SLEEPOVER PROGRAMS

Good Night, Sleep Tight, Don't Let the Blue Whale Bite

During sleepovers at the American Museum of Natural History in New York CIty, the hot spot to snooze is under the big blue whale. Activities include origami lessons and moon-surface rubbings.
During sleepovers at the American Museum of Natural History in New York CIty, the hot spot to snooze is under the big blue whale. Activities include origami lessons and moon-surface rubbings. (By D. Finnin -- American Museum Of Natural History)

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By Andrea Sachs
Washington Post Staff Writer
Wednesday, April 11, 2007

I slept with a giant squid. And not just any squid, but one with hard eyes and a mean streak. The squid was attacking a sperm whale; I was just looking for a place to lay my sleeping bag.

Granted, on a recent overnight at the American Museum of Natural History in New York City, I could have chosen friendlier sleeping companions: specimens of dolphins, harbor seals, walruses, a vibrant coral reef. The open space beneath the big blue whale was filling fast with pillows, Disney character blankets and stuffed animals.

"I think the most exciting part is going to be sleeping," said Miranda Leong-Hussey, an 8-year-old from New York who had installed herself under the whale's tale. "Because we are going to be sleeping in a museum, and that is so weird." And so wild, too -- in the taxidermied sense.

The museum's sleepover program, A Night at the Museum, had lain dormant for 20 years but was resurrected in January, overlapping with last year's release of the flick by the same name. The timing, however, was coincidental: Museum officials had mobilized the plan before they'd even heard of the movie, in which a night security guard is terrorized by animals and other exhibits that come to life.

"The opportunity to sleep under the whale is pretty exciting, and the idea that things come to life," Brad Harris, the museum's senior director of visitor services, said when asked about the program's appeal. "I think [participants] will leave here saying that things really did come to life."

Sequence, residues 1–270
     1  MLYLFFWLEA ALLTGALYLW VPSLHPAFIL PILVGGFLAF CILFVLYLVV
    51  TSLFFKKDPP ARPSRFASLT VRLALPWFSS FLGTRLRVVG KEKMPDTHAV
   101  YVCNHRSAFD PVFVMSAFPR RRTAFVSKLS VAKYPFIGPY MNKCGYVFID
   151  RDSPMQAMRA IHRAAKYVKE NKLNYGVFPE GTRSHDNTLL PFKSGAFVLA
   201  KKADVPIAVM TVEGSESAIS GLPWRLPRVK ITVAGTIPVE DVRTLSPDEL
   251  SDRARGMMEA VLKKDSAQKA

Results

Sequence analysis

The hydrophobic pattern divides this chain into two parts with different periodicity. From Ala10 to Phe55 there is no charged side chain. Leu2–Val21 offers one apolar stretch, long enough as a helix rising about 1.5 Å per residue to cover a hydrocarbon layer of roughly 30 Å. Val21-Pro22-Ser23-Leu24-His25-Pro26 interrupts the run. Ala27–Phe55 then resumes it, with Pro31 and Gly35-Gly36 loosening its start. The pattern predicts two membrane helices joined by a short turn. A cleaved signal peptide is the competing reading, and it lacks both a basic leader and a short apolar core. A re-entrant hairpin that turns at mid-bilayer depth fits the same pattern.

When it came to the squid, I was hoping not. But in the dusk-to-dawn hours, the museum came alive in other respects. Nearly 400 kids and adults had the place to themselves, with no impatient mobs and, better yet, no need to wear street shoes -- fuzzy slippers would do. The museum is heavily staffed for the overnights, with at least one staff member per 20 guests; for visitors, the ratio is three children per adult.

"I hiked all over the museum with my mom," dinosaur-loving Andrew Kisler, 8, said over breakfast the next morning, which was served buffet-style by the cafeteria. Added his mother, Michelle Kisler of the Bronx, N.Y.: "We had such freedom. We actually read the exhibits. You don't typically get to do that on a Saturday." Not unless you can find a clearing amid the 8,000 to 15,000 daily visitors.

The New York institution isn't the only one throwing slumber parties. As our sampling below shows, other museums, zoos and aquariums in the region are supplying unusual sleeping quarters. They also organize special activities for overnight guests.

During A Night at the Museum, for example, there were origami lessons (penguins, easy; rocket ships, hard), moon-surface rubbings and walks through the butterfly conservatory, where the colorful insects alighted on hands and heads. "When you grow up, you can become a volunteer here or an entomologist," one volunteer said to a little boy with a Costa Rican owl butterfly perched on his shoulder.

At 9 p.m., kids armed with flashlights swarmed the dinosaur and fossil rooms, looking for clues to a puzzling list of questions as T. rex lurked in the shadows. "When it went dark, I was a little scared," said John Cunningham, 10, of New York. "But I liked flashing the fossils with the flashlight."

Once the children collected their wits -- and correct answers -- they settled into plush seats for a star-splashed planetarium show (the snores definitely came from the adults). Afterward, they brushed their teeth in the public bathroom, then curled up on their cots for bedtime stories and a documentary on dolphins. At midnight, the museum called for lights out.

Of course, lights out is a risible concept when you have a room full of mischievous children harboring flashlights. Yet, as if by magic, after the last beams were cast on the whale's belly, the room fell silent and the squid receded into darkness.


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© 2007 The Washington Post Company


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